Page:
The more a person is intelligent and socializes with others, the less satisfied he will be with his life. Or at least this is the conclusion reached by a study conducted by psychologists from the London School of Economics and Singapore Management University.
Undoubtedly, this statement challenges the belief that socializing and surrounding ourselves with friends makes us happier. In fact, everything seems to indicate that this is not the case for everyone, especially those with above-average IQs. In these cases, socialization does not directly translate into greater happiness nor does it produce greater satisfaction in life.
The study in question analyzed more than 15.000 young people between the ages of 18 and 28 and found that, in fact, the more time people spent in the company of others, the happier and more satisfied they were with their lives. However, this trend was reversed in people classified as "very intelligent".
Researchers believe that the cause may be that these people view socialization as a distraction that pulls them away from projects and goals that, to them, are much more important and rewarding in the long term.
Indeed, these psychologists propose an evolutionary hypothesis according to which more intelligent people would have more tools to successfully adapt to the modern world, so they could be more independent and need less than others. At this point the group stops being so important and, of course, it is not necessary for survival, as was the case with our ancestors.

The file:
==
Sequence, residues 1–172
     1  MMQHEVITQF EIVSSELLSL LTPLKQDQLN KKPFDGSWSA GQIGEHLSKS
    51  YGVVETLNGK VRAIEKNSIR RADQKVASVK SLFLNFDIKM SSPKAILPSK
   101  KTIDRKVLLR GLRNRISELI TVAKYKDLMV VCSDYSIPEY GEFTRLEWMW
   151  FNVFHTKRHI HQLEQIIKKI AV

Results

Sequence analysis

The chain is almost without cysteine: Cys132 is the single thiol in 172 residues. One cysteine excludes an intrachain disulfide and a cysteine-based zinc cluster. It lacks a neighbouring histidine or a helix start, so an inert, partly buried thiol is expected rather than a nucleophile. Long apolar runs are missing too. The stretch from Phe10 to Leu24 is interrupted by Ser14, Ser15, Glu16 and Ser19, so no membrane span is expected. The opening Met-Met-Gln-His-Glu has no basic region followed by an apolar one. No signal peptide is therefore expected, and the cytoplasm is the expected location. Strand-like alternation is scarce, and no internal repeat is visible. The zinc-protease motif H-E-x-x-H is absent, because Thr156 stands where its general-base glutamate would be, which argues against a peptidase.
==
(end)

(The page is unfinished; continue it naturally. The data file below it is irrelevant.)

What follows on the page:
Intelligence without wisdom can be a very heavy cross to bear
While intelligence has over time been praised and considered a desirable quality, the fact is that being intelligent is not synonymous with making right decisions in life. In fact, research that began in the late 1920s in which 1.500 US students qualified as gifted were followed, revealed that many of them, upon reaching their third age, felt that they had wasted their lives and not being able to use their talent as they wished.
Another study conducted at the University of MacEwan dispelled the myth that happiness resides in so-called "blissful ignorance". According to these psychologists, the most intelligent people would not necessarily have a clearer view of the world's problems that cause them existential distress.
Smarter people feel more anxious than others, not because they worry more deeply than the rest of ordinary mortals, but rather because they constantly mull over all worldly situations. It has also been found that these people worry more often and about more things. So, if something negative happens, they tend to ruminate on what has happened, and this generates anxiety for them.
In any case, each person is a world apart, with their own qualities, flaws and strengths, and must find happiness in what truly satisfies them, be it the relationship with other people, a hobby or a passion.